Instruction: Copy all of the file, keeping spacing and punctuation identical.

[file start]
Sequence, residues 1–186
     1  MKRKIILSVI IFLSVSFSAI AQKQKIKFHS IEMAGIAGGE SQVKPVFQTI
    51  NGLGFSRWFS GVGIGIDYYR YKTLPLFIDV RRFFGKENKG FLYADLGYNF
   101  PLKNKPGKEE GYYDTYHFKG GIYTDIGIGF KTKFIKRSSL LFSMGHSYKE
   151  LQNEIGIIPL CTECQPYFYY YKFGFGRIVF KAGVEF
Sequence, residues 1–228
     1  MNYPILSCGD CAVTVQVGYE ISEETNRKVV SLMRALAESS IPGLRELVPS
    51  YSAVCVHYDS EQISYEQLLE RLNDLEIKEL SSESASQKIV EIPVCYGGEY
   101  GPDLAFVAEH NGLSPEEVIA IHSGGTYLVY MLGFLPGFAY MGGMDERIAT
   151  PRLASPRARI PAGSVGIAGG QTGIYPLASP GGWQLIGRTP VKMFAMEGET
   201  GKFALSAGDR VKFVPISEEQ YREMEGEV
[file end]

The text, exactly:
Sequence, residues 1–186
     1  MKRKIILSVI IFLSVSFSAI AQKQKIKFHS IEMAGIAGGE SQVKPVFQTI
    51  NGLGFSRWFS GVGIGIDYYR YKTLPLFIDV RRFFGKENKG FLYADLGYNF
   101  PLKNKPGKEE GYYDTYHFKG GIYTDIGIGF KTKFIKRSSL LFSMGHSYKE
   151  LQNEIGIIPL CTECQPYFYY YKFGFGRIVF KAGVEF
Sequence, residues 1–228
     1  MNYPILSCGD CAVTVQVGYE ISEETNRKVV SLMRALAESS IPGLRELVPS
    51  YSAVCVHYDS EQISYEQLLE RLNDLEIKEL SSESASQKIV EIPVCYGGEY
   101  GPDLAFVAEH NGLSPEEVIA IHSGGTYLVY MLGFLPGFAY MGGMDERIAT
   151  PRLASPRARI PAGSVGIAGG QTGIYPLASP GGWQLIGRTP VKMFAMEGET
   201  GKFALSAGDR VKFVPISEEQ YREMEGEV